Sunday, February 4, 2007

More Is Not Always Better: Examining Materialism Among the Young

Over the past few decades the United States has enjoyed an annual national income growth rate of more than two percent. As a result young people today generally enjoy a much more comfortable lifestyle than their parents did twenty years ago. Televisions, cell phones, personal computers, iPods (pictured below)—products that were once luxurious or even nonexistent—have become easily accessible. And with the blessing of affluence came confusion, anxiety, even frustration. Responses to the Roper surveys show that cohorts born later consider more goods to be “necessary parts of a good life” than those born earlier. This explains why high school and college students have become more and more materialistic, setting financial security as their primary goal in life. According to CNN news,UCLA's annual survey of college freshman […] found that nearly three-quarters of those surveyed in 2006 thought it was essential or very important to be ‘very well-off financially.’” The number, “compare[d] with 62.5 percent who said the same in 1980 and 42 percent in 1966, the first year the survey was done,” is astonishing. This obsession with wealth leads to the expectation and the pressure to earn high income, as well as the burden of more college loans. “No wonder we hear so many 20somethings talking about the ‘quarter-life crisis,’” says psychologist Jean Twenge.

It is natural to assume that accumulating more possessions will lead to a better, happier life; but the results of studies done by economists prove otherwise. Robert Frank, a professor of economics at Cornell University , argues, “We need ways to evaluate how we’re doing and make judgments about how best to adapt to changing environments. Such judgments almost always depend heavily on how we’re doing relative to others in the same local environment” (1). Therefore satisfaction with life is influenced by social comparison, a process in which the person compares his or her own situation to that of other people. For example, a student who does not own an iPod may not feel any desire to buy one until all his friends own an iPod; then he suddenly feels miserable because compared to his friends he is “worse-off.” On the other hand, Anke Zimmermann (pictured to the right) concludes after examining time series data from the Roper surveys, “On average, an individual’s wellbeing does not improve despite increases in income, because rising goods aspirations offset the effect of rising.” Thus hedonic adaptation, or getting used to one’s experience, is yet another force affecting people’s happiness. For instance, the excitement of having a new cell phone or a new car wears off after a while, leaving the once- proud owner bored and in search of a better product.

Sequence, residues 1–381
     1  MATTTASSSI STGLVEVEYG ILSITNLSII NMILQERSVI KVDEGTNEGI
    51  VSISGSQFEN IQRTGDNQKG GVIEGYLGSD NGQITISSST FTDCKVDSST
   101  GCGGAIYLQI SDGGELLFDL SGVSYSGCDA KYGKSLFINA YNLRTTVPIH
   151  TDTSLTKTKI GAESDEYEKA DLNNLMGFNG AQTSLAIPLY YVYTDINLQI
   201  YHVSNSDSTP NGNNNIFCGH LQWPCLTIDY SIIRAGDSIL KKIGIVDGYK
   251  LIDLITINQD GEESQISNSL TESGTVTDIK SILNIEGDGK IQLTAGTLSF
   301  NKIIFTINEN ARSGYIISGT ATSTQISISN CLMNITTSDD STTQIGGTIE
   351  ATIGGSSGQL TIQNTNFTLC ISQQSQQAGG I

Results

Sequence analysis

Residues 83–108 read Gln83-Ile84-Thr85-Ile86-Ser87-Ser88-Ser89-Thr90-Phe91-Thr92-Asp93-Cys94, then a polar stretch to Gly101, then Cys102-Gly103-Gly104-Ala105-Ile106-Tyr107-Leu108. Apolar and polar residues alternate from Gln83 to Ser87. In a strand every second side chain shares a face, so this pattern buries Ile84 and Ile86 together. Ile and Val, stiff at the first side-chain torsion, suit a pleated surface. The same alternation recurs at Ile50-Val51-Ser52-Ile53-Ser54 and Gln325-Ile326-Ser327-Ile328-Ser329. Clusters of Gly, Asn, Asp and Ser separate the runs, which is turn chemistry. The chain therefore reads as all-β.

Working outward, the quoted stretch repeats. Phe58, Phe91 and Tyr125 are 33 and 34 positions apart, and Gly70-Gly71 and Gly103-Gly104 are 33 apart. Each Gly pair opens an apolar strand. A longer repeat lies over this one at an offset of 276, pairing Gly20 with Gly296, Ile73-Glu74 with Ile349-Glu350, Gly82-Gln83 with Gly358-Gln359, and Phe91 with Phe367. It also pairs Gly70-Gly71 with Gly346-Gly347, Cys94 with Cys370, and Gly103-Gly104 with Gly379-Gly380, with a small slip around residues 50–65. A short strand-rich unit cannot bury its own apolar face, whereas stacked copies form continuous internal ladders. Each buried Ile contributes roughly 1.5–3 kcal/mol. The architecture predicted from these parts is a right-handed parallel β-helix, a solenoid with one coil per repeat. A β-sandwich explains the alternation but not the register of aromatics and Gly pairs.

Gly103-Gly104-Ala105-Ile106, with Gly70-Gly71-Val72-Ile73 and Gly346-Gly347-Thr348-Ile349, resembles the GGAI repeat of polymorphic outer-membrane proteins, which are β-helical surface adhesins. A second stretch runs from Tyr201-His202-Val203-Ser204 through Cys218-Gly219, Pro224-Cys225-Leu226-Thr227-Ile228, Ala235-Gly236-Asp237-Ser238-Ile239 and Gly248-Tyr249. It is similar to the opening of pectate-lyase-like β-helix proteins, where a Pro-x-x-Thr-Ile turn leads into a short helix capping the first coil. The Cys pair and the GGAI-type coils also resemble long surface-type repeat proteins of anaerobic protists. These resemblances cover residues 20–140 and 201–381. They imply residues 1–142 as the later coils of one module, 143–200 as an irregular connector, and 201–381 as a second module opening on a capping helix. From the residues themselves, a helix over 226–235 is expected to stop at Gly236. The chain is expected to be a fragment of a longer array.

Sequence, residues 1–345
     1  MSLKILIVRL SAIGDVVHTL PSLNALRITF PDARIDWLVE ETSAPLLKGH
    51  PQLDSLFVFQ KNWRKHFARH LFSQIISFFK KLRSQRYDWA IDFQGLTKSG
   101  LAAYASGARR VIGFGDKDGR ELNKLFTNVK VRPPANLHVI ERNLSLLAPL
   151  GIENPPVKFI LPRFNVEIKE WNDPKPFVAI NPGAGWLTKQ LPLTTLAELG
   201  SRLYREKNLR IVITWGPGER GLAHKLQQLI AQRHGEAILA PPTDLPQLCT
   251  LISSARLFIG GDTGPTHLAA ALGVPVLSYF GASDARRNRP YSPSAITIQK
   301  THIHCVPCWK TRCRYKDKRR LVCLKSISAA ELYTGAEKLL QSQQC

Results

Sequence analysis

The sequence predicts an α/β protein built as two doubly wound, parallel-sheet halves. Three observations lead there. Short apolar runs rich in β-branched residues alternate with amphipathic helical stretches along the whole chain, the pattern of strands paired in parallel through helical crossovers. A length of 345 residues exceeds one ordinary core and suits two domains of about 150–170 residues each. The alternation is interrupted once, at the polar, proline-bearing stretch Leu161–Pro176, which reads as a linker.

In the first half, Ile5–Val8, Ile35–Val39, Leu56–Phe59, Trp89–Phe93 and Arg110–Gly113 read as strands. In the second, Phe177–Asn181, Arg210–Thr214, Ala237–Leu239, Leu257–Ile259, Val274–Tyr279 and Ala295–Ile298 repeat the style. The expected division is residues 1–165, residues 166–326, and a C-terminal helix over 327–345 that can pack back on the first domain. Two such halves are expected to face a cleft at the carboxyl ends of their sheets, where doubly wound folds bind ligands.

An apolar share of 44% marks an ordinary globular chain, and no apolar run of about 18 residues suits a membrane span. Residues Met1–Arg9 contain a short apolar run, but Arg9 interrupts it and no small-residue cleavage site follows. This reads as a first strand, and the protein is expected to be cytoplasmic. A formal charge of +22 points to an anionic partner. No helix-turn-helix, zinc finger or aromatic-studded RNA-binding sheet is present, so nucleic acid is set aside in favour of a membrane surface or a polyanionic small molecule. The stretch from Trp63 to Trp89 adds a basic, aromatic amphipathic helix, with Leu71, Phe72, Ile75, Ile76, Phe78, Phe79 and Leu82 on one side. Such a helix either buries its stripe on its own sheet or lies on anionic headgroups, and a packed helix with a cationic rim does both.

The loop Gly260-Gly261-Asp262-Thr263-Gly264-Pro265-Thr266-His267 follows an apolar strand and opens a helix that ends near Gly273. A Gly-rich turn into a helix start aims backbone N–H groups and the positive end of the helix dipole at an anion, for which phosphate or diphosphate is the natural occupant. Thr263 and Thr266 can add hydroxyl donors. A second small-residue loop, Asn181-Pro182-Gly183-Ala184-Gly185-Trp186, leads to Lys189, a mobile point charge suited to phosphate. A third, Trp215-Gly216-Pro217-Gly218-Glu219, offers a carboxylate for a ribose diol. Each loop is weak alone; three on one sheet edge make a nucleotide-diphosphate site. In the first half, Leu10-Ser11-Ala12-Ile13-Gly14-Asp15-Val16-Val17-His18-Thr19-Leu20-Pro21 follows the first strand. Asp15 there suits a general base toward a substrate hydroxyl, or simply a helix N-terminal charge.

Materialism among the youth is especially alarming and deserving of public attention because attitude toward wealth affects decisions regarding education, career, and family life. The American Freshman National Norms for Fall 2006 how that students attending their second choice institutions listed “being offered financial aid” and “the cost of the college” as two of the top five important reasons influencing their college choice (8). Even before entering the work force, many students are already concerned about or even burdened by the cost of their education. The importance of financial concern in the process of decision-making is also likely to be reflected in the students’ choice of jobs after college. Since earning high income and buying luxury goods do not guarantee long-term high life satisfaction, selecting a job solely based on the amount written on the paycheck would be unwise. Instead one should consider the intrinsic elements of the job, such as the freedom to use creativity and to work independently. While the media are presenting wealth as the key to happiness, educators have the responsibility to inform young people of the limited effects of income on life satisfaction. Happiness and its sources should be introduced in high school or even in middle school, before students start making decisions about higher education or work. Like civics and economics, subjective wellbeing deserves to be a required course. Outside the classroom the spread of information can be promoted through providing welfare study data and results in school career planning centers and academic advisors’ offices. Even basic understanding of the topic can shape our youth into more responsible consumers and better policy makers in the future.

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